The title is a quote from the stunningly sensational book Four Thousand Weeks: Time Management for Mortals by Oliver Burkeman. Mr. Burkeman is/was a self-professed productivity geek and writer of the – This Column Will Change Your Life – column for The Guardian.
His productivity world came to a head one day when, sitting on a park bench in the winter one morning in Brooklyn, NY, “feeling even more anxious than usual about the volume of undone tasks, and suddenly realizing that none of this was ever going to work.”
The parable of rocks, boulders, and sand is often used as a metaphor for how to prioritize things in one’s life. You have a jar, and you must fit all of the boulders, pebbles, and sand in it. To do so requires placing the boulders in first, followed by the pebbles, and then the sand. So the reasoning goes – for a meaningful life, put the boulders (the most important things to do) in first, followed by the pebbles (the next most important), and then the sand (all the little activities) that can suck up our time.
In premodern times, when lives revolved around the rhythms of the day, the options for things to do were far fewer, and the tyranny of the clock had yet to crack its existential whip, life was not filled with much existential angst. Of course, there was often profound angst over just continuing to exist, given all of the diseases and violence.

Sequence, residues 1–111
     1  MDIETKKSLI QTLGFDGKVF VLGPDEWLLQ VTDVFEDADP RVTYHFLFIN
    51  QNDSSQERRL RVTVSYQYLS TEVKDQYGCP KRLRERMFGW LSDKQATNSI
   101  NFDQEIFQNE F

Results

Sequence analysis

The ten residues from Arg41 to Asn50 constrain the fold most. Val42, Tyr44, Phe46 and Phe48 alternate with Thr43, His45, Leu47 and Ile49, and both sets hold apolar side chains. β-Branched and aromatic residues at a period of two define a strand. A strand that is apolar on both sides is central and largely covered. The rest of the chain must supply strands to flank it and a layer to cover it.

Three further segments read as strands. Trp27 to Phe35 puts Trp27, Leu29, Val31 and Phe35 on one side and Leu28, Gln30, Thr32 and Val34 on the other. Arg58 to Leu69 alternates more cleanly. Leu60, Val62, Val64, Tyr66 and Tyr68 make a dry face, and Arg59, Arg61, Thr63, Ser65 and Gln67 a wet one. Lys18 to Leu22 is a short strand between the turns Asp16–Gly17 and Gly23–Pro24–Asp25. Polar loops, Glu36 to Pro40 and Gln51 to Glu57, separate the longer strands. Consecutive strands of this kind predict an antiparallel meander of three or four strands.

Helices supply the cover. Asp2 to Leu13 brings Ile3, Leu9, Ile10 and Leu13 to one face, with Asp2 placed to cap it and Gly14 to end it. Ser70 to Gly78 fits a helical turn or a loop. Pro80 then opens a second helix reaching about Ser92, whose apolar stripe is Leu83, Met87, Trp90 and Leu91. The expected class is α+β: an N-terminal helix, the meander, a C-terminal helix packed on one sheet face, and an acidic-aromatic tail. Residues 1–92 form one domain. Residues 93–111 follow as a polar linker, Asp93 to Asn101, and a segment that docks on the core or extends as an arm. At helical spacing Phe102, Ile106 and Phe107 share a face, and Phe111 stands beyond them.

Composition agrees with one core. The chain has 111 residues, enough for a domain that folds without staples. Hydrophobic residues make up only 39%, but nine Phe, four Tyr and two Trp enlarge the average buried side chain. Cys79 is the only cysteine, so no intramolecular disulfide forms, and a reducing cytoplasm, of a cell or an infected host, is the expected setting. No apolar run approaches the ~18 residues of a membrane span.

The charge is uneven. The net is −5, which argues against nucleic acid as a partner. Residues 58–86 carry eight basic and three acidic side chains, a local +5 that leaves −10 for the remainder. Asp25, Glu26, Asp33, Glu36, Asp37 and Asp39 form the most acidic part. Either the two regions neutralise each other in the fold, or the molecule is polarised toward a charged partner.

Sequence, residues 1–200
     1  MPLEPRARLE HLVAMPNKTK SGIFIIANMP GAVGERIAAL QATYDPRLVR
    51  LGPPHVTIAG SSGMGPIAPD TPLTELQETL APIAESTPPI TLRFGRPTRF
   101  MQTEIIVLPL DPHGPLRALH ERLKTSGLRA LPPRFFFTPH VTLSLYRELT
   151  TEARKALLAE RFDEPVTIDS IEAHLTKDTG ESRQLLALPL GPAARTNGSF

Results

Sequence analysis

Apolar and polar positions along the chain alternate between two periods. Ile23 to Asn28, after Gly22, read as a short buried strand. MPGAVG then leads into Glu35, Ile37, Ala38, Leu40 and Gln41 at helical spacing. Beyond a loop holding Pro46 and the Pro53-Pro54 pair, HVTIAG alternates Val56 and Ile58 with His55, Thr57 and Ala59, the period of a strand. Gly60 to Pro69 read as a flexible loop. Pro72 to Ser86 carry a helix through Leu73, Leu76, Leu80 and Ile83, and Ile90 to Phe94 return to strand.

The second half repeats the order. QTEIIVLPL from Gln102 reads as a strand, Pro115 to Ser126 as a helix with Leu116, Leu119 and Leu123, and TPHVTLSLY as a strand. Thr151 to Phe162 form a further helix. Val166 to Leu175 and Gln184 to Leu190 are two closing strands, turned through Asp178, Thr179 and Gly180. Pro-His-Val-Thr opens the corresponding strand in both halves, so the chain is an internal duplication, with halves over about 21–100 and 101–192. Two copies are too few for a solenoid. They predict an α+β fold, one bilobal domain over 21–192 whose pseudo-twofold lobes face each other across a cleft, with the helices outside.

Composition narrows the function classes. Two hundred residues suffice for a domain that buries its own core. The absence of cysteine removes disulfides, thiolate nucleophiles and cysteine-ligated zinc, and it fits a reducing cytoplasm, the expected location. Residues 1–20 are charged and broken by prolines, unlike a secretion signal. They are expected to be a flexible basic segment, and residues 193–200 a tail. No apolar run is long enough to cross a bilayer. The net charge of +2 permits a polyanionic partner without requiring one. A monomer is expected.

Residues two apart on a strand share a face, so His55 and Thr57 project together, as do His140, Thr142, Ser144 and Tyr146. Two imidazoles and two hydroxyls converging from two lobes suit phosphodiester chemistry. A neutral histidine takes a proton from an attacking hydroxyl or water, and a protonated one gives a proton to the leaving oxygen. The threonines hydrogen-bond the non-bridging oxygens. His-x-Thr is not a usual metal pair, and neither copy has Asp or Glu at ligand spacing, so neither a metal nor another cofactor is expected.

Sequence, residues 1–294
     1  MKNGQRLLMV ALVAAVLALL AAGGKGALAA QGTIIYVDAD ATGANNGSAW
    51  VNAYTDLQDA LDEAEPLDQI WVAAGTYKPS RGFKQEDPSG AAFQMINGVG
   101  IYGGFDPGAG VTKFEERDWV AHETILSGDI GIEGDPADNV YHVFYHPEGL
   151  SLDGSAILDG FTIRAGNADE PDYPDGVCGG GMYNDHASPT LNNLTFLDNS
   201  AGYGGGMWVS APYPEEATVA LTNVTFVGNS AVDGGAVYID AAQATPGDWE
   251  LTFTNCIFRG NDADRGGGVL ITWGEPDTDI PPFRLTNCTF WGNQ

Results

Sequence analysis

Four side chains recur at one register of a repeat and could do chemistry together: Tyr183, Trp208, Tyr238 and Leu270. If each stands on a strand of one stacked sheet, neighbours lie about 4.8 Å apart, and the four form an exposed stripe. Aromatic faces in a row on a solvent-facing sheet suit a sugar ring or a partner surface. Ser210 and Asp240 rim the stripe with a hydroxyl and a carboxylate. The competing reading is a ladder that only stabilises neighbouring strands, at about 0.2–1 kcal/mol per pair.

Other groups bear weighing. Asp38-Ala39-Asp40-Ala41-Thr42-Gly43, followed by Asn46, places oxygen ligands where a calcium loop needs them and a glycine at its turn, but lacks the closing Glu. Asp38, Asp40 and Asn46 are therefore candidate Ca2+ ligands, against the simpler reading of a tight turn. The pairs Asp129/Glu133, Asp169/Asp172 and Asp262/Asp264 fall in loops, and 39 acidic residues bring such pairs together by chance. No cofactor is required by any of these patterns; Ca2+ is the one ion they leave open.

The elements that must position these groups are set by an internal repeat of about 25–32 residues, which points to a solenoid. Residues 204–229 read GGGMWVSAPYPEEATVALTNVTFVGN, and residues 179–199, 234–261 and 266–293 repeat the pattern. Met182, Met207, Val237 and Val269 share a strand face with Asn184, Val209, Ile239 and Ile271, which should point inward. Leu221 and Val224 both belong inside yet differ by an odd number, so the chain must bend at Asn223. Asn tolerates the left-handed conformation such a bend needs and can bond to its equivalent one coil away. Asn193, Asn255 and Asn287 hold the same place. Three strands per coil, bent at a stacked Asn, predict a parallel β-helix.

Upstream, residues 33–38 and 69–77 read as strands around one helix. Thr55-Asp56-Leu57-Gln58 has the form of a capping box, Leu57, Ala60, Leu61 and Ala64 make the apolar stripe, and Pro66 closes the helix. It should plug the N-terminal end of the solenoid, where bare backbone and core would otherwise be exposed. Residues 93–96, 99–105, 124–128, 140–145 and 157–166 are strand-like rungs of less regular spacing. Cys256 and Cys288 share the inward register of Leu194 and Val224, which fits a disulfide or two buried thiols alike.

The problem in the modern world is that there are just too many boulders to choose from, and it is impossible to fit them into the container of our one life, which is just 4,000 weeks long if you live to 80. Yet we often try mightily to do so, and we end up like Albert Camus’ Sisyphus, pushing the boulder up the hill again and again until we die.
There are many tactical things one can do to help with this situation, but the starting gate is that moment Mr. Burkeman experienced on the park bench: acceptance. As he says: “Let’s start by admitting defeat: none of this is ever going to happen. But you know what? That’s excellent news.”
The in-your-bones acceptance is a liberation from the miasma of modern pressure we are swimming in, so unaware of, like fish in water who don’t know they are in the water. It is just how it is. And in that liberated feeling of defeat, our choices on what boulders to commit fully to become more personal and potentially fulfilling.
Compliment the book Four Thousand Weeks with the book The Long Game by Dorie Clark. In this must-read book, Dorie takes us on the specific tactics and strategies to use once we admit defeat and start choosing our boulders more wisely. One perfect example is to use 20% of our time that we “optimize for interest,” which will lead to growth in an area of our lives that is intrinsically satisfying and meaningful to us.
Finally, I recommend reading this short piece by Cal Newport, the author of Deep Work, A Pastor Embraces Slowness. The last line was particularly stunning to me: “Time management is a spiritual practice.”
Ultimately, it comes down to living a filled-up life, or a fulfilled life.